Engine Assembly I
330 Engine Assembly I
I picked up an engine block from our machine shop after a lot of work was done getting it ready for a rebuild. Besides the usual machining associated with rebuilding a Ferrari V-12 engine, we found some other issues to correct. The biggest repair was in the crankshaft main bearing saddles. There was excessive end play on the crank that wasn’t addressed properly on the last rebuild, so there was damage on the block that needed to be fixed. This damage was causing the bearings to sit out of position causing other problems with oil pressure and bearing wear. Our machine shop added material to the wear areas, and machined the area back into specifications.
With the machine work done and the crank saddles properly align bored, the damage was repaired and the owner will have a healthy engine with good oil pressure.
While inspecting the block we found a couple of cracks that needed to be welded as well. This engine has seen its share of abuse and poor machine work, but we’re correcting these issues and making everything right again.
The rods were also sized, and checked so my job was to begin by installing the new pistons and wrist pins.
All the studs were removed from the block to perform the machine work, so I had to put them all back and address some issues I noted when we took this engine apart. I took this picture of the engine when I disassembled it to note the height of the intake manifold studs. A previous shop installed new studs that were machined too long, so spacers were used to clear the extra height for the acorn nuts that secure the manifolds. When these studs are too long, they will punch through the acorn nut top so a cheap and easy trick done by the previous shop was to use spacers, but it just looked horrible.
With the studs out of the block, it was obvious what was wrong. The replacement studs were not machined all the way down the stud, and they were still a couple millimeters too long as well.
These two factors made the studs stand too high for the acorn nuts to fit properly, so I cut the threads the rest of the way down the studs and ground down the extra length.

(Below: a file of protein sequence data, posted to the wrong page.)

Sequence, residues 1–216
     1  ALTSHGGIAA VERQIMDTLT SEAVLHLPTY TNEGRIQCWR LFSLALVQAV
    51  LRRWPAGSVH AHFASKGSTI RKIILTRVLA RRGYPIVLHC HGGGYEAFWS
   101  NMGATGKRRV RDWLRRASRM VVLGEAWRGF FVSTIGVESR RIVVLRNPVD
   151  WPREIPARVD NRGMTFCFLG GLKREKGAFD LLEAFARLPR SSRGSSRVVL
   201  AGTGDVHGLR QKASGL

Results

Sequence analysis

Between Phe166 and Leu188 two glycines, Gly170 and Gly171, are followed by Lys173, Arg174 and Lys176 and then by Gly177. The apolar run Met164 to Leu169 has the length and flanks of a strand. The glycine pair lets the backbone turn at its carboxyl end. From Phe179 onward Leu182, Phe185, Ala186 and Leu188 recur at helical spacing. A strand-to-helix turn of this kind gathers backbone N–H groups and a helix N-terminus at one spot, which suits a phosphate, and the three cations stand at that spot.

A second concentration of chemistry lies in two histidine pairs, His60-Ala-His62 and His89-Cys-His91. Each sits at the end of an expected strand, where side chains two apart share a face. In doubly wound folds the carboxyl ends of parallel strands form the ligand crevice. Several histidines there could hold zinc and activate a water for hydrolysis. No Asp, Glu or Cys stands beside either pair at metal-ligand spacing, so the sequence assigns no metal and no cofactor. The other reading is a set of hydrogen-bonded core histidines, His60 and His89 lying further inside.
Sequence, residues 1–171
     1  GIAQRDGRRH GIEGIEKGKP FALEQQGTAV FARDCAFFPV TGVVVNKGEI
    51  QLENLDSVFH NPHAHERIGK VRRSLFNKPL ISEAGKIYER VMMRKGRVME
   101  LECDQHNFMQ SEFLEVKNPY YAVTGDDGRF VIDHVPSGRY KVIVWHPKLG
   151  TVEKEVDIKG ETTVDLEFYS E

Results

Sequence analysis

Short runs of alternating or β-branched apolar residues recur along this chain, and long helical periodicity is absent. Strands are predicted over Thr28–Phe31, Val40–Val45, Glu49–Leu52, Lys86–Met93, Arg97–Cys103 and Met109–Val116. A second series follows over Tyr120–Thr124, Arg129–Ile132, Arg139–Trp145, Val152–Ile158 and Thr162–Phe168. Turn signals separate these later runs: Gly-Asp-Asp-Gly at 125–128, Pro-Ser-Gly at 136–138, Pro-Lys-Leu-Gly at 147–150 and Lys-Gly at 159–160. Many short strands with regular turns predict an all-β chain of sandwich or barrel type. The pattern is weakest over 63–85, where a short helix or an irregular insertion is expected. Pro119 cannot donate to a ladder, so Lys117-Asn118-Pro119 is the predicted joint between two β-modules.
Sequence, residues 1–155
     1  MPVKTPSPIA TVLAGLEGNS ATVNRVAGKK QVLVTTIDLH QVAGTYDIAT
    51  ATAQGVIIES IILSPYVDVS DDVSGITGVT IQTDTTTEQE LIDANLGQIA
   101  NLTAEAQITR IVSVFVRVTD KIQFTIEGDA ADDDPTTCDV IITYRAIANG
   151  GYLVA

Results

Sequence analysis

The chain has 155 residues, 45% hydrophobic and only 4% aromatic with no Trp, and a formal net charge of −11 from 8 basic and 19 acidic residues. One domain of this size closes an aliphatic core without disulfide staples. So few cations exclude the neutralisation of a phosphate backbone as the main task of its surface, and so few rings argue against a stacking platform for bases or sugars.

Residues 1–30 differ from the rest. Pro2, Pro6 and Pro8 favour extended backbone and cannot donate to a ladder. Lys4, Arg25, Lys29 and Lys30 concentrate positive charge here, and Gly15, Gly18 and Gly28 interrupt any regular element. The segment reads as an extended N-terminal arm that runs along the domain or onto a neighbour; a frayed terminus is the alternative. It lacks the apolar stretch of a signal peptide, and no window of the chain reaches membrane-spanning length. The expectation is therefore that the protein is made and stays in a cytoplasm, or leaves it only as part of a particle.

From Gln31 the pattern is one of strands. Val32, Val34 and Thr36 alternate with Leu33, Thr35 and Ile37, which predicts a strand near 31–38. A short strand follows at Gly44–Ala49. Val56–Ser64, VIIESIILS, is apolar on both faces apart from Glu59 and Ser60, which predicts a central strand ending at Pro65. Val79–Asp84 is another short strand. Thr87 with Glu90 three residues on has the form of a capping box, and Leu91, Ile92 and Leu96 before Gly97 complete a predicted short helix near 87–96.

The height of the intake runners is also dependent on the height of the heads, so I placed one head in position to double check my clearances. With all the gaskets and washers in place, the fit is now perfect and looking proper for a well assembled Ferrari V-12!
After the intake manifold studs were done, I moved on to the oil pan studs. Ferrari installed varying length studs for their specific position on the block, so getting the right stud on the right hole requires some thought. One wrong placement, and there wont’ be enough length to attach a nut when everything goes back together!
Francois, my boss usually knows by heart where each stud goes, but I often double check my work by test fitting some of the pieces. He’s been building Ferrari engines for 50 years, so things are a lot more familiar to him than me!
The main bearings, thrust washers, and crank shaft will be next to go in.
As the block was getting prepped, I made sure the timing chest was ready for installation. The water pump seal was installed, and I checked the seals and mating surfaces were clean.
The rings were gapped and installed on the pistons, and are ready to go in the block after the crank is set and checked.
I spoke to Richard Garre this week about our upcoming Car Show in May, and as always it’s going to be a lot of fun. We’ve had a long cold and snowy winter on the East Coast, and we’re all looking forward to getting the cars out for one of the first car shows of the season! David Wheeler, a fellow 330GT owner, has been calling out to all the 330GT owners to attend this show to celebrate the 50th Anniversary of the introduction of the 330GT, and his list is getting longer. I hope to bring my 330 America down to join in the festivities. Kerry Chesbro, the keeper of the 330 GT Registry, is even coming all the way from Seattle! 330GTs will not be the only attraction was there will be plenty of Vintage Ferraris to look at as well as other interesting European Sports cars. The variety is always astounding. Space is limited for show cars, so call or email Richard at Radcliffe Motorcars as soon as you can to reserve a space. Details are below!
Save the Date! The 7th Annual Radcliffe/Tomyang.net Spring Car Show Saturday May 3rd 2014 celebrating the 50th Anniversary of the Introduction of the 330GT!
Spectators are free, but Registration of show cars are limited for a small fee. Details can be found on the Radcliffe Website.
You can also Richard Garre at:
12340 Owings Mills Boulevard
Reisterstown, Maryland 21136
Reminder: If you have a Ferrari related project, car, or idea you’d like to explore, I’d love to talk to you. I can also help if you’re thinking of buying or selling. This website represents what I love to do, and now it’s how I make a living, so if you’d like to do something together, let me know. It all begins with an e-mail!
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